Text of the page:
ROCKINGHAM — The Rockingham Speedway has a new owner.
Rockingham Properties LLC, of which Raleigh bar developer Dan Lovenheim is majority owner, bought the Speedway from the Florida-based BK Rock Holdings, managed by Billy Silas, for $2.8 million. The deal was made final at 4:05 p.m. Thursday.
Lovenheim declined to provide details on plans for the property Thursday afternoon, describing them only as “remarkably encompassing.”
The property is valued at $2,993,324, according to Tax Administrator Vagas Jackson, down from $6.85 million when it last went up for sale in November 2016. Jackson said the value decreased because key portions of the original structure no longer remain, and the fact that the track has not been used for many years and the wear and tear associated with that.
A decline in property value has been a concern for its neighbor across the street, the Rockingham Dragway, said owner Steve Earwood. The purchase will be good for the dragway and the county, he said.
“I look forward to having them as neighbors,” Earwood said. “And it’ll be great to see that the grass is being cut.”
Iron Horse Properties brokered the deal over several months after being contacted by a representative of the eventual buyers, according to Marc Baysek, broker in charge for Iron Horse. Baysek said the deal closed ahead of schedule.
Riley Puckett, longtime caretaker of the Speedway, said he was “glad it’s over with.”
“I’m happy for the ones that purchased it and happy for the one that sold it,” Puckett said, referring to his friend, now-former owner Silas. “I tried to look over it the way I would like somebody to look after it if it was mine.”
Lovenheim is best known for owning several popular bars in Raleigh, including the Cornerstone Tavern and Capital City Tavern. He has been an outspoken critic of efforts to tone down Raleigh’s bar scene and made news this summer for his parking practices with his white Lamborghini.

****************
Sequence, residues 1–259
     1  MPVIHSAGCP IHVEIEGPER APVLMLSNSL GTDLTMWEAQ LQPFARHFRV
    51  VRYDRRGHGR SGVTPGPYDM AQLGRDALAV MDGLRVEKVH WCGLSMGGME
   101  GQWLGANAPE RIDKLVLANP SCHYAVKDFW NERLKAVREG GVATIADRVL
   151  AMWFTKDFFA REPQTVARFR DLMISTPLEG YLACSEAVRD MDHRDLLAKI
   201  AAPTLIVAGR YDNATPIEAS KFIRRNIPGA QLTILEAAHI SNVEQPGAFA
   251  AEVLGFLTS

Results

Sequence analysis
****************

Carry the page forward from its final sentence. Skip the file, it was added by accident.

The News & Observer reported in June that the Raleigh City Council voted to remove the valet zone in front of the popular night club Alchemy — which Lovenheim owns — after repeated complaints about his white Lambo’s using the zone as a free parking space during the day.
The Rockingham Speedway opened in 1965 and was a significant draw to the area for nearly 40 years. But it has not held an event since a Camping World Truck Series race in April 2013. It since has changed hands multiple times, with Silas’s being the most recent owner.
A wave of nostalgia for the Speedway’s heyday has swept the area of late as signs have been cleared to make way for an expansion of U.S. 1. Earlier this month, Puckett took a backhoe to the plaster street sign, which prompted a mad dash to preserve the history that involved the likes of Dale Earnhardt Jr. and Kyle Petty.
“I watched my dad (Richard) and all the greats race at Rockingham,” Petty said in an email. “I was very fortunate and blessed to race there and have some success.
“I’ve seen so many tracks in my lifetime come and go, but Rockingham will always hold a special place in my heart.”
A few days after the sign fell, a crew removed a granite marker denoting a parking lot as “Darrell Waltrip Blvd.” in honor of the driver’s accomplishments at the track.
In July, the Charlotte Observer reported that several NASCAR stars were tweeting back and forth about their “dream tracks” that no longer held events. Kasey Kahne, who lost to Matt Kenseth by one of the tightest margins in NASCAR history at the last Sprint Cup Series race at the Speedway in 2004, tweeted “The Rock” as his dream track.
Reach Gavin Stone at 910-817-2674 or [email protected]